Let's Bake Homemade Bread


It's easier and far more satisfying than you might imagine.

By FamilyTime

 

The best way to learn how to bake a good loaf of yeast bread is to do it!

You can read about it, talk to fellow bakers, watch videos and programs on the Food Network, but until your hands are buried in bread dough, until you smell the yeasty aroma of the rising dough, until your kitchen is rich with the heady scent of baking bread, you won't have a clue.

And the best part about baking bread, is it's easy. You won't fail. Subsequent loaves may be better, but your first one will be wonderful in its own right.

Begin with the Essentials
Flour is the number-one ingredient in bread. Most home bakers begin with white flour and certainly a loaf of white bread is awesome. As you progress, you will want to experiment with whole-wheat and other whole-grain flours.

There's a reason to buy bread flour rather than all-purpose. Bread flour is milled from hard wheat, which simply means its protein content is higher so its gluten structure is stronger.

Look for flour on supermarket shelves called "bread flour" and if you're not sure, read the nutrition label. The protein content should be 14 percent or higher. If you have no choice, use all-purpose flour.

Yeast is remarkably reliable. Buy packets of active dry yeast in the supermarket, where it should be stored in a refrigerated aisle. Store it in your own refrigerator and use it by its expiration date.

Unless your tap water is terribly hard or very soft, it's fine for bread baking. If in doubt, use bottle spring water but this is rarely necessary.

Most bread recipes call for salt and ordinary table salt is fine. One word of warning: don't be tempted to sprinkle the salt in with the yeast as it proofs. Salt inhibits yeast development, just as sugar or honey enhances it.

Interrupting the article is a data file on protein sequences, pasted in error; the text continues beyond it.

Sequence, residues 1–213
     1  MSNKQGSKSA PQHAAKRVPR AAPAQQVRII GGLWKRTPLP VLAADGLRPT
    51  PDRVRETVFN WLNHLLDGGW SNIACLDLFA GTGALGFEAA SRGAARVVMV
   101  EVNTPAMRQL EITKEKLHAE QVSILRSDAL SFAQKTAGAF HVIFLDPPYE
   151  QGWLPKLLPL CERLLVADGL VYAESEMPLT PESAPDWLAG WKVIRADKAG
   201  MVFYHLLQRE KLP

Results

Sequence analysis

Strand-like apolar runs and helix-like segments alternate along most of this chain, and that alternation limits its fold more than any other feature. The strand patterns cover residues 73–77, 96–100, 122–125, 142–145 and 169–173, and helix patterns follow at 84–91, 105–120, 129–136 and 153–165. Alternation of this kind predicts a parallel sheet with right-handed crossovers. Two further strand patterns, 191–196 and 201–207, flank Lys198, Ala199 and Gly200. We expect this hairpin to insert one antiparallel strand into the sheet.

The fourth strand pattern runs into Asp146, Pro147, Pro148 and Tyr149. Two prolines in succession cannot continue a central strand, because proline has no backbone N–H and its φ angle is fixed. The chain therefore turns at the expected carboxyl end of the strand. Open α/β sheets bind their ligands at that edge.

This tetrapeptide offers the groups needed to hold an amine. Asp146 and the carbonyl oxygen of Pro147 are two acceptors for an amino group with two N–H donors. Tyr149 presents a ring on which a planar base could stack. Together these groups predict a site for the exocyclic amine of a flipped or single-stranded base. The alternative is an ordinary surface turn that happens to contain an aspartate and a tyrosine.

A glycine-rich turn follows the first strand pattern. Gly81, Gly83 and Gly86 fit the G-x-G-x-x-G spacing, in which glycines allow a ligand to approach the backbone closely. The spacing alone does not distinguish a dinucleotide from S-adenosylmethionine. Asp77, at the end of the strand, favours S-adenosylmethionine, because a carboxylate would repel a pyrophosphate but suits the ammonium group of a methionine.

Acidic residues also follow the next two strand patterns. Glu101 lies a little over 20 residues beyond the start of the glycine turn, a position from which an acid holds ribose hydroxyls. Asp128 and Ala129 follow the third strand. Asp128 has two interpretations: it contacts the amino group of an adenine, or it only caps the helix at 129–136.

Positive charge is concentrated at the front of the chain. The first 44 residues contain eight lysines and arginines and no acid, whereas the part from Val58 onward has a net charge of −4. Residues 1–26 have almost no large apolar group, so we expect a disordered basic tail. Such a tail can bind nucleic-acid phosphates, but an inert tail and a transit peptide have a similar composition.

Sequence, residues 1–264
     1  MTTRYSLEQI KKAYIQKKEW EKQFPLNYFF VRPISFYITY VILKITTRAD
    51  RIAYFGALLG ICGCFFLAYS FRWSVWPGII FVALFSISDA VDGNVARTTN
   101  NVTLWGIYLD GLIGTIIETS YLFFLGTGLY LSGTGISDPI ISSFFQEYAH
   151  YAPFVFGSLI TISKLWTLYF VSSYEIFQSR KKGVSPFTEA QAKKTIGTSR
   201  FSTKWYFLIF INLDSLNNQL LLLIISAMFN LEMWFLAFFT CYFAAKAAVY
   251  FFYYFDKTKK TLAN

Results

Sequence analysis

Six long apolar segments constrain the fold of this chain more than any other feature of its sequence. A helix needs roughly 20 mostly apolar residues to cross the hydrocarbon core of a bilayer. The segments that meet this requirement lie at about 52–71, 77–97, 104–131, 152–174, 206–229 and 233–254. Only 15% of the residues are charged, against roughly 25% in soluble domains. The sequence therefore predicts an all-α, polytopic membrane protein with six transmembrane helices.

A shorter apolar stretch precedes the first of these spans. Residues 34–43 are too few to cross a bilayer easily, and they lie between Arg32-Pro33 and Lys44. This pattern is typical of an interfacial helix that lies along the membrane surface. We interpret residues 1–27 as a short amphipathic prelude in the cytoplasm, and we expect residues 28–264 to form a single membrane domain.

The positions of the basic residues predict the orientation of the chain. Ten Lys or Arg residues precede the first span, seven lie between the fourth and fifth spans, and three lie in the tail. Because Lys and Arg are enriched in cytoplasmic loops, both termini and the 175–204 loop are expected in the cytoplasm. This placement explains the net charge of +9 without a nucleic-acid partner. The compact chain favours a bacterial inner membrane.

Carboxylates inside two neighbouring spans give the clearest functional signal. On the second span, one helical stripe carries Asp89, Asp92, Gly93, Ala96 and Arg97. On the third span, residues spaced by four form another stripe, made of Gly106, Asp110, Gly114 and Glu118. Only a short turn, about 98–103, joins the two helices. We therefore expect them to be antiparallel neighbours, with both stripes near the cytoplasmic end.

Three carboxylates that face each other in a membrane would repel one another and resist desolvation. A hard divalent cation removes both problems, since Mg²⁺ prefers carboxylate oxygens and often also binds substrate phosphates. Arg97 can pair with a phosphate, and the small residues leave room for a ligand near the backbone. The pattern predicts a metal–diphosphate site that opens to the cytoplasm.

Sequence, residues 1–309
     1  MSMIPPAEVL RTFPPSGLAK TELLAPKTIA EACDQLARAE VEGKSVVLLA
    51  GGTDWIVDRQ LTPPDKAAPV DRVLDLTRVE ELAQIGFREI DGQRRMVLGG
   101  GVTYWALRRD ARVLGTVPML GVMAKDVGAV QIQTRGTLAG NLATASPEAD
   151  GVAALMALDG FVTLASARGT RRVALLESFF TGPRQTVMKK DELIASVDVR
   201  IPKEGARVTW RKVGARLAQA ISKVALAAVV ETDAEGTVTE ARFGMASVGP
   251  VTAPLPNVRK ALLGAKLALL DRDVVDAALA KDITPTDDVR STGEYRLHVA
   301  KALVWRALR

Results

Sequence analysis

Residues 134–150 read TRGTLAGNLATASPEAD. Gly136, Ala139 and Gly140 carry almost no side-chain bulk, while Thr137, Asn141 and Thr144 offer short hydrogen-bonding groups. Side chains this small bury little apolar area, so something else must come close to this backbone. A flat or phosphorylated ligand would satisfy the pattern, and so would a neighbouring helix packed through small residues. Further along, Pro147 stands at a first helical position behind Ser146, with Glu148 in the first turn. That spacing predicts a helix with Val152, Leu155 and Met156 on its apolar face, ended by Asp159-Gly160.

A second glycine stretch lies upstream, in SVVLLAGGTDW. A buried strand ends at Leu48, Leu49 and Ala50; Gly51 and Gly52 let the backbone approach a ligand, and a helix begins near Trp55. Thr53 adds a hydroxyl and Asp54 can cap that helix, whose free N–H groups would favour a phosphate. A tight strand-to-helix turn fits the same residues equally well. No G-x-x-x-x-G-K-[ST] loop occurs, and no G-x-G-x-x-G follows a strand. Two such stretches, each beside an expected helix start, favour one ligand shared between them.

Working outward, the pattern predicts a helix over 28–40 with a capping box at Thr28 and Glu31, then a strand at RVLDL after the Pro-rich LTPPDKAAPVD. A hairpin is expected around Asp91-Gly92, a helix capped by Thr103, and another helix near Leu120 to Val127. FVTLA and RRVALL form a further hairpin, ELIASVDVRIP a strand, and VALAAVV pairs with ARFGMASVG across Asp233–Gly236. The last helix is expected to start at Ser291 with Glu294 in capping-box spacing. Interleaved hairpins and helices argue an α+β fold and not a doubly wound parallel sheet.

Bread Pans
Bread can be formed into free-form loaves and baked on baking sheets. Most beginners prefer to bake bread in standard loaf pans.

Buy metal or glass pans that are approximately 8 inches long and 4 inches wide. If the measurements of the bread pan you have in your cupboard are slightly different, don't worry. It will work.

Mixing and Proofing the Dough
Today's yeast is so foolproof many recipes don't call for proofing it. But to give it a head start, do so by sprinkling it over tepid water and letting it sit for about 10 minutes. It will bubble and swell.

Use all the water called for in a recipe but only as much flour as needed to make dough that holds together. This will vary depending on the natural humidity and the particular flour's capacity for absorbing moisture.

Knead the dough on a lightly floured surface. This prevents sticking but more importantly the dough picks up more flour as it's kneaded.

The first rising (also referred to as proofing the dough) should be in a warm, draft-free area of the kitchen. This can be a corner away from a door or window or even in the turned-off oven. Plop the dough into an oiled or buttered bowl, turn it over several times to coat it with the fat, cover the bowl with a towel or plastic wrap, and let it rise.

Once the dough is doubled in size, punch it down to expel the air, form it into a loaf (or two, depending on the recipe), and let it rise again.

Baking the Bread
After a second rising, bake the bread in a preheated oven. The high temperature sets the structure of the bread as much as the rising does.

When the bread is done, it will sound hollow when tapped on the bottom. It will also be nicely browned and firm.

As tempting as it is to cut into the warm, just-baked loaf, it's advisable to let the bread cool completely before slicing.

Eat freshly baked bread within a day or two. Bread freezes well, so if you bake several loaves, wrap the cooled loaves in plastic and then put them in a freezer bag and freeze for up to three months.